Brexit: Is Britain’s Democracy All But Dead?
by Martin Edwards
The Government’s Withdrawal Agreement, which is disliked equally by those on both sides of the Brexit argument, has twice been soundly rejected in Parliament by record margins.
Prior to this recent series of votes Parliament had already passed the European Union (Withdrawal) Act 2018. As we examine the text of that Act, the sincerity of the Government’s promise to honour the referendum result rapidly evaporates.
Section 1 of that Act provides that “The European Communities Act 1972 is repealed on exit day.”
However Section 2 (1) provides that “EU-derived domestic legislation, as it has effect in domestic law immediately before exit day, continues to have effect in domestic law on and after exit day.”
This means that all domestic legislation (UK Statutory Instruments) made under section 2(2) the European Communities Act 1972, continue in force.
Additionally, Section 3 (1) provides that “Direct EU legislation“, so far as operative immediately before exit day, forms part of domestic law on and after exit day.”
Therefore, even if we somehow arrive at ‘exit day’ it has already been pre-determined by Parliament that, despite the Brexit result of the referendum, all EU law existing at the time of the referendum, and all EU law enacted since the referendum will become part of UK domestic law. In other words, the die has already been cast – the Government’s so-called Withdrawal Agreement was nothing other that Brexit in name only.
The key issue, wholly ignored by the mainstream media, is that until June 2016 the British electorate were never asked in a referendum whether they wished to join the European Union. The 1975 referendum was about joining the ‘Common Market’, although Edward Heath’s Tory government had already signed up to the fledgling European Union in 1973.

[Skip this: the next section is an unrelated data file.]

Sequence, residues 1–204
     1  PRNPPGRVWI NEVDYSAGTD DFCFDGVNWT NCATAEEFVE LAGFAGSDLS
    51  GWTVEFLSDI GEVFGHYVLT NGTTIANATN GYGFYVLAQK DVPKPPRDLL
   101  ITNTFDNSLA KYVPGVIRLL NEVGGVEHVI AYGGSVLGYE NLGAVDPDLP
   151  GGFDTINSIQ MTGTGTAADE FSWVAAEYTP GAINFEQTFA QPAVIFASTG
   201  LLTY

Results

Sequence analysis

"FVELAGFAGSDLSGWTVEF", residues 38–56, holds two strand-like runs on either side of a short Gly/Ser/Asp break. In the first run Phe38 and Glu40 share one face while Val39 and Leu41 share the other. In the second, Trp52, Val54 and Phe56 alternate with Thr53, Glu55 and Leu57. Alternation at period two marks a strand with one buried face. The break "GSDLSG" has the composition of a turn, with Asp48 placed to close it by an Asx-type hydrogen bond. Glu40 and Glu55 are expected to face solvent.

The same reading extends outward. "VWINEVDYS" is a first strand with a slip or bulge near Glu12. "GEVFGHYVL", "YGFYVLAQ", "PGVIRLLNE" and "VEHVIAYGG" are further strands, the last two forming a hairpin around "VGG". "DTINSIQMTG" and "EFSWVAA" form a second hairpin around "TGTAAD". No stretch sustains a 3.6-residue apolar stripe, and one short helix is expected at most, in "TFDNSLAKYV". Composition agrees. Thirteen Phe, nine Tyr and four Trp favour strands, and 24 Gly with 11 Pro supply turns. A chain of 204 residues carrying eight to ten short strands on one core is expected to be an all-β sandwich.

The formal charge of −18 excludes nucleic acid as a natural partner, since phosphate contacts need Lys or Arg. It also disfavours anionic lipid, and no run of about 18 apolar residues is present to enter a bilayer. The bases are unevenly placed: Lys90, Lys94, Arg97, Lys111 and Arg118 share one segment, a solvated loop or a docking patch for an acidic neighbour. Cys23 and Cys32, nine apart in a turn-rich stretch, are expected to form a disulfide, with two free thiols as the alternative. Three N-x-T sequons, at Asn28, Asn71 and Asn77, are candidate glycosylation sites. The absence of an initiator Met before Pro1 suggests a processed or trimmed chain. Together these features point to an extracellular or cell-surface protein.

Heath’s key claim at the time was that joining the Common Market would lead to no loss of British Sovereignty.
Lessons from the Past
FCO 30/1048 – ‘Sovereignty and the European Communities’, written in 1971, was a Foreign and Commonwealth Office issued briefing paper analysing “the problem” of sovereignty from a political standpoint, and “venturing some recommendations”.
The paper suggests that the European Communities, as the embryonic EU was then known, “should present little challenge to national sovereignty”. However, the report authors knew at that time that the then existing ‘Common Market’ was intended to morph into something altogether different. They continued
“……but it will be in the British interest after accession to encourage the development of the Community toward an effectively harmonised economic, fiscal and monetary system and a fairly closely coordinated and consistent foreign and defence policy. This sort of grouping would bring major politico/economic advantages but would take many years to develop and to win political acceptance. If it came to do so then essential aspects of sovereignty both internal and external would indeed increasingly be transferred to the Community itself.“
Note that “essential … sovereignty … would … .increasingly … be transferred to the community.” Also note a “fairly closely coordinated” foreign and defence policy.
“… over a wide range of subjects”, they continue, “(trade, aid, monetary affairs and most technological questions) Community policies toward the outside world would be common or closely harmonised. Although diplomatic representation would remain country by country its national role would be much diminished since the instructions to representatives would have been coordinated among member states … By the end of the century with effective defence and political harmonisation the erosion of the international role of the member states could be almost complete. This is a far distant prospect; but as members of the Community our major interests may lie in its progressive development since it is only when the Western Europe of which we shall be a part can realise its full potential as a political as well as economic unit that we shall derive full benefits from membership. “